The potential cost consequences of ignoring a request to mediate
Parties to civil litigation should be under no illusion of the court’s eagerness for them to engage in Alternative Dispute Resolution (ADR) before taking their cases all the way to trial. Since the implementation of the Civil Procedure Rules, there has been a growing emphasis on ADR as a means of reducing the burden on the courts and nipping costly litigation in the bud. In Halsey v Milton Keynes General NHS Trust  EWCA Civ 576, the Court of Appeal prescribed six criteria for determining whether a refusal to mediate would be taken into account in any costs decision. Those non-exclusive factors include:
(a) The nature of the dispute;
(b) The merits of the case;
(c) The extent to which other settlement methods have been attempted;
(d) Whether the costs of the ADR would be disproportionately high;
(e) Whether any delay in setting up and attending the ADR would have been prejudicial;
(f) Whether the ADR had any reasonable prospect of success.
However, the Court of Appeal pointed out that they could not and should not compel the parties to mediate. Since Halsey was decided, there has been growing pressure on parties to consider mediation (although the courts still stop just short of compulsion). This pressure comes from the CPR itself which reminds parties of their obligations to comply with the overriding objective and, perhaps, the withdrawal of legal aid from vast areas of civil litigation which focuses the mind sharply on the costs associated with a refusal to attempt settlement at an early stage.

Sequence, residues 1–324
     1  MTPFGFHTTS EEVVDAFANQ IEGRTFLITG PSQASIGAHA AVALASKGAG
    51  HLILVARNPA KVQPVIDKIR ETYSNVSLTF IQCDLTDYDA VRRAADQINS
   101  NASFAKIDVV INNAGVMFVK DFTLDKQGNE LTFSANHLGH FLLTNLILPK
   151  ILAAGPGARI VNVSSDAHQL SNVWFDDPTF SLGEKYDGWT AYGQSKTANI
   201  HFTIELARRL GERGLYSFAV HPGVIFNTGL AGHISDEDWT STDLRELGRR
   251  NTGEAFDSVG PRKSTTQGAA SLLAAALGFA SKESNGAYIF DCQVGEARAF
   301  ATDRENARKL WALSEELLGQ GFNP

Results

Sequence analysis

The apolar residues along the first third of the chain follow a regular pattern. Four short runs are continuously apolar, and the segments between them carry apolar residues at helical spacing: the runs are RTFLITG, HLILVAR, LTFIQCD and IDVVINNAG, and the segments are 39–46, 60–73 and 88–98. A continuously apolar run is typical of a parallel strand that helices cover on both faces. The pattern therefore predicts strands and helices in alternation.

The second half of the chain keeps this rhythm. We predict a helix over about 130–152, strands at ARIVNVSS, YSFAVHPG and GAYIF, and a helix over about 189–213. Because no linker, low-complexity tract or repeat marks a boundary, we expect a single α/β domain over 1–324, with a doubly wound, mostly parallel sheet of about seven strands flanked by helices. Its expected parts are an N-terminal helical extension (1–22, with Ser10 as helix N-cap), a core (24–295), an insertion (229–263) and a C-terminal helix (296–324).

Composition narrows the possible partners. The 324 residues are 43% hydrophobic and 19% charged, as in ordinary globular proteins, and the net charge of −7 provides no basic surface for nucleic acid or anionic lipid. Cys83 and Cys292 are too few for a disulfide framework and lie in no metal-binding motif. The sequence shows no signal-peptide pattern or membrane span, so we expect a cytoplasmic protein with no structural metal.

Lord Justice Jackson, in his well-known review of costs in litigation, also advocated a wider adoption of ADR and published the ADR Handbook last year, giving further guidance on these issues. The endorsement for ADR ties in neatly with the reforms to civil litigation costs and the perceived need to reduce costs from spiralling further out of control. ADR is one way of achieving this if it is successful (concluding the litigation) or even where it narrows the contentious issues between the parties to some degree.
The recent decision of the Court of Appeal in PGF II SA and OMFS Company 1 Limited  EWCA Civ 1288, decided in late 2013, gave further guidance on when it would be appropriate to sanction a party that had failed to mediate despite an invitation to do so. The Defendant in that case had failed to respond to the Claimant’s mediation proposal and had not provided any reason for not doing so.
Lord Justice Briggs at paragraph 34 of the Judgment stated:
“In my judgment, the time has now come for this court firmly to endorse the advice given in Chapter 11.56 of the ADR Handbook, that silence in the face of an invitation to participate in ADR is, as a general rule, of itself unreasonable, regardless whether an outright refusal, or a refusal to engage in the type of ADR requested, or to do so at the time requested might have been justified by the identification of reasonable grounds.”
Briggs LJ considered that this decision would assist with the forensic difficulties that the courts were faced with when there had been no reason disclosed as to why a party had refused or failed to engage with the proposal to mediate at the time of the invitation.
The Court of Appeal in PGF II SA was also tasked with considering whether the first instance judge should have, in light of the Defendant’s conduct, ordered that they were to pay some of the Claimant’s costs (despite the Claimant being the 'unsuccessful party'). LJ Briggs highlighted that there was no recognition of this discretion in the Halsey case although it would seem logical that the court had the power to make such an order. However, he was of the view that this should be "reserved for only the most serious and flagrant failures to engage with ADR." He suggested that such a case may be where the court had actively encouraged ADR and that encouragement was ignored by the parties.
This case acts as a poignant reminder to parties conducting civil litigation of their obligations to consider a reasonable request to mediate and the possible consequences of failing to do so.
Articles are intended as an introduction to the topic and do not constitute legal advice.